Someone else wrote most of your project
Any given Tuesday
Developer A: “Hey, can you take a look at this?”
Developer B: “Yeah"
Developer B: "…. hmm.....Have you tried using evil.js?”
Developer A: “No, what is it?”
> bower install evil.js --save
And that’s often all the scrutiny a third-party library would get.
A Case Study
In 2010, even a company as big as Twitter fell prey to the effects of poorly written or untested 3rd-party code.
Known as the “onmouseover attack", users were able to insert scripts into a submitted tweet as part of an href link that would later be run as script when loaded on the page.
It was easy and would look something like this:
<a href="http://thisisatest.com/@"onmouseover="alert('test xss')"rel/" target="_blank" ="">http://thisisatest.com/@"onmouseover="alert('test xss')"/>/a<>/span<
The parser being used would choke on the "@" symbol and read the rest of the "URL" as executable script.
The result was that hovering over a link opened up a user to inadvertently liking the post or even re-sharing the post. Within minutes, posts using the exploit received thousands and thousands of likes and shares.
Some developer, somewhere, at some point wrote a URL parser and may have thought:
"Why would there ever be an '@' inside of an href?"
Then later, without much research, some developer at Twitter thought:
"Hey, I found a URL parser in the bower repo!"
3rd-Party Code is everywhere and is largely unassessed
A study conducted by Coverity that surveyed 336 American and European Software companies produced some stunning findings
- 90% of all the companies use third-party code (it's probably actually more shocking that 10% of companies write everything from scratch)
- 65% reported that customer satisfaction has been impacted by third-party code
- 44% of the companies were testing third-party code compared to 69% of the companies saying they test internally produced code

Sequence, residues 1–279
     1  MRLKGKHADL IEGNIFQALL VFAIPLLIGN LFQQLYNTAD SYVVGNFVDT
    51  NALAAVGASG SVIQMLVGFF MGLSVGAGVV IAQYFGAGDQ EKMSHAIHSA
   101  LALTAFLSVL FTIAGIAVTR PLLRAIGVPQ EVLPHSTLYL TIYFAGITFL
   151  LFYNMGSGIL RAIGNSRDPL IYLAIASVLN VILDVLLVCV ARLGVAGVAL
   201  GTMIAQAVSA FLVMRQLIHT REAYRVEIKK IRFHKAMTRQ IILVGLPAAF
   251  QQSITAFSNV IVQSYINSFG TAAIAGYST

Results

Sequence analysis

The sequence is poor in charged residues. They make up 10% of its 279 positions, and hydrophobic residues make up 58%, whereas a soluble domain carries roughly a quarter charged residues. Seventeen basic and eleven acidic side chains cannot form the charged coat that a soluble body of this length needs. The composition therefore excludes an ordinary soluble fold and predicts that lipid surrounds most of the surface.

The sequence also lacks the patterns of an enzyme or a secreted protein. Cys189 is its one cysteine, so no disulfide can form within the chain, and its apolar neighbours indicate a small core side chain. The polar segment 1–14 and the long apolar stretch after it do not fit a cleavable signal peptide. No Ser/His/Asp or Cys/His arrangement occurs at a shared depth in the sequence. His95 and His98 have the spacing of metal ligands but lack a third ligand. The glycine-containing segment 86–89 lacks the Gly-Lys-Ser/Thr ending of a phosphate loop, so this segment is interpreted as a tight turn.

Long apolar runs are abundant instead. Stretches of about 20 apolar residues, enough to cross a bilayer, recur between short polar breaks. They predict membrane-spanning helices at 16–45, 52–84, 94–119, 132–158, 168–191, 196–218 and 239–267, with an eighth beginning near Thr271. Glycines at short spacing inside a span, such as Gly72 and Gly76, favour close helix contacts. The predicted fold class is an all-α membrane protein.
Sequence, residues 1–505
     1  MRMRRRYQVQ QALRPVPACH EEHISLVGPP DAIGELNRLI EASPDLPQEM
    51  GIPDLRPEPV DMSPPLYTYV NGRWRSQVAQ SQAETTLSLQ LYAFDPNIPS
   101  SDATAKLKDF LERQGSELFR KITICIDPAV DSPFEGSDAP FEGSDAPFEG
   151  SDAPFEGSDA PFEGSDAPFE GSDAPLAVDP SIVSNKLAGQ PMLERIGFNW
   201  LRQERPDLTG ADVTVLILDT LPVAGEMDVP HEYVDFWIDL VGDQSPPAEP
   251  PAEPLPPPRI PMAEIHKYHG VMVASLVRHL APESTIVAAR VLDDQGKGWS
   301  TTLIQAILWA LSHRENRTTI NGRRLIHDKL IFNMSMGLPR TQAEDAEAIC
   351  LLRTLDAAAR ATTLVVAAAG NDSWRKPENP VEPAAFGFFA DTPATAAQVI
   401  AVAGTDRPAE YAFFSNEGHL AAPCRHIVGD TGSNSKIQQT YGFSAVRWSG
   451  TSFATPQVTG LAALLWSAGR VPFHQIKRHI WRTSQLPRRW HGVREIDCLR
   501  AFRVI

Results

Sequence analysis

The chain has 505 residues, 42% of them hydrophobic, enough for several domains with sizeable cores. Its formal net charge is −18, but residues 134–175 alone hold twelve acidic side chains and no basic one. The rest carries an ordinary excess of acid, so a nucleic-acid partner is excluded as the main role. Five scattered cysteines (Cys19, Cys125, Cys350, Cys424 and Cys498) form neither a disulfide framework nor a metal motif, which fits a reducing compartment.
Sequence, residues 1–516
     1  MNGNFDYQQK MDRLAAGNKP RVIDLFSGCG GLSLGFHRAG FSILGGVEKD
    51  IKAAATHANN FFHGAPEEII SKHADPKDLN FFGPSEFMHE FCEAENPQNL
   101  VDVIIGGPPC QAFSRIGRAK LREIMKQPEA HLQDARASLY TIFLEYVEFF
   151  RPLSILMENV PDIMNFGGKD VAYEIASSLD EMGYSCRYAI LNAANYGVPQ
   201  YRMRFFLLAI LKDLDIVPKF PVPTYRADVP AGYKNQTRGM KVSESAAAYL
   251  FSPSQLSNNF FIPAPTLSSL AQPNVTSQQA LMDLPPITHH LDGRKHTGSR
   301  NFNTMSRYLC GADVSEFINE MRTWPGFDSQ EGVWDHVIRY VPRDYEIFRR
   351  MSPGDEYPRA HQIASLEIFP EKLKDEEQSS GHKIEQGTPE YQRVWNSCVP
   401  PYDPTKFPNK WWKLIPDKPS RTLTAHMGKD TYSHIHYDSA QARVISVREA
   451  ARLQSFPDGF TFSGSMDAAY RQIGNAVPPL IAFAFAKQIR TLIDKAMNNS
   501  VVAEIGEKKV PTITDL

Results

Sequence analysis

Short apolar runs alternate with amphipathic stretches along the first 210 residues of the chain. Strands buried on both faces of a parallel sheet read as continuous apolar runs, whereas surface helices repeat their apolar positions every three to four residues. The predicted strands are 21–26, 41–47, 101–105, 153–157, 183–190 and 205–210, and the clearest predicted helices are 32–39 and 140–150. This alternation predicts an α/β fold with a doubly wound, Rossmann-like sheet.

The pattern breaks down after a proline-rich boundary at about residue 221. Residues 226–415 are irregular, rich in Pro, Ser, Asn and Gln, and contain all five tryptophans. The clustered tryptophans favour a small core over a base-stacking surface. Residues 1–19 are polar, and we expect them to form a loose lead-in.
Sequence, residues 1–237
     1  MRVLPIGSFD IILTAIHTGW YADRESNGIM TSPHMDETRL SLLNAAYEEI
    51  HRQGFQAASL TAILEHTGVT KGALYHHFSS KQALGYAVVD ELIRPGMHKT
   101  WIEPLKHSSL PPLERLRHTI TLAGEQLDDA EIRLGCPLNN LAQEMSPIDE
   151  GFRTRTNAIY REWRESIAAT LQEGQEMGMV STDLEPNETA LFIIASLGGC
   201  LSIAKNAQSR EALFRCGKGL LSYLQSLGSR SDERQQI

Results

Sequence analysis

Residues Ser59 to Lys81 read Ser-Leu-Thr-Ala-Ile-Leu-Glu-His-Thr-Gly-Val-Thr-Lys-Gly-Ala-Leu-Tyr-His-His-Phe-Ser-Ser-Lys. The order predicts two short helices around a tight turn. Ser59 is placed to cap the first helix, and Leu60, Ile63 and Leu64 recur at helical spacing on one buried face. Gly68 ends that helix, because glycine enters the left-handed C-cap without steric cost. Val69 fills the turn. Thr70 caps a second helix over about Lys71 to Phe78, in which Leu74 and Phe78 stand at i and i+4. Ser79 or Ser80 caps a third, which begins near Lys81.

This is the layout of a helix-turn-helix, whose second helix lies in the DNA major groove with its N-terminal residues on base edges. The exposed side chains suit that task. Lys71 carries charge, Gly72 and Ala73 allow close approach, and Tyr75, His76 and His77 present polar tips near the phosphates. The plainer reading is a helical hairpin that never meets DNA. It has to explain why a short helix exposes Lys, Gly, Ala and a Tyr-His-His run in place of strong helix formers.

- 35% of the companies conducted risk assessments on third-party code compared to 70% saying the assess risk for internally produced code
- 35% of the companies manually code review third-party code compared to 68% that perform manual code reviews on internally produced code.
Last year I wanted a way to easily give developers a foundation for unit testing in a .NET project. So I built a nuget package for it. It was very specific to the company's framework and would need a bit of extra work to get it working on someone else's framework.
And all that's not even to mention the fact that it never really made it past version 1.0.1.
None the less, it's been downloaded from nuget.org 137 times.
Bottom line: It's not hard to get a package on a repository like npm, maven, nuget, or bower.
more than just security
While security is a big risk of 3rd party code, it's not the only risk. Sometimes 3rd party code is just bad, or fragile. Or sometimes it depends on other 3rd-party code that's run by an open-source activist who may-or-may-not suddenly decided to remove all of his repositories.
Frustrated after threats of a legal battle over the name of one of his modules, Azer Koçulu decided to remove his modules from the NPM repo entirely. In most cases no one would notice....in this case, thousands of apps stopped working because they depended on a module that was no longer there.
It's easy to assume that if 3rd-party code exists all nicely wrapped in a repository like Maven or Nuget, that the developer has thoroughly stress-tested their code (especially if they have a cool vector-graphic logo) but it's a risky assumption.
Speed / Bandwidth
There are plenty of tools out there that will help remove unnecessary code before prod, but just because something is necessary doesn't make it a good option, and at the very least, it's something developers should be aware of.
Are we supposed to write everything from scratch then?
3rd-party code saves time, money, sanity, finger pads, keyboard expenses, marriages, children, baby animals, .... It's great.
you are expected to use discretion.
Are you including jQuery because you need to query the DOM once? Maybe you ought to rethink that.
Considering a library from online with 1.5 stars and is at version 1.0.5? Let's keep looking.
Found something that would totally work but hasn't been updated since 2012? You're asking for it.
Don't go and reinvent the wheel with every project, but use the same scrutiny, assessment, and discretion you would use if you had written that code yourself.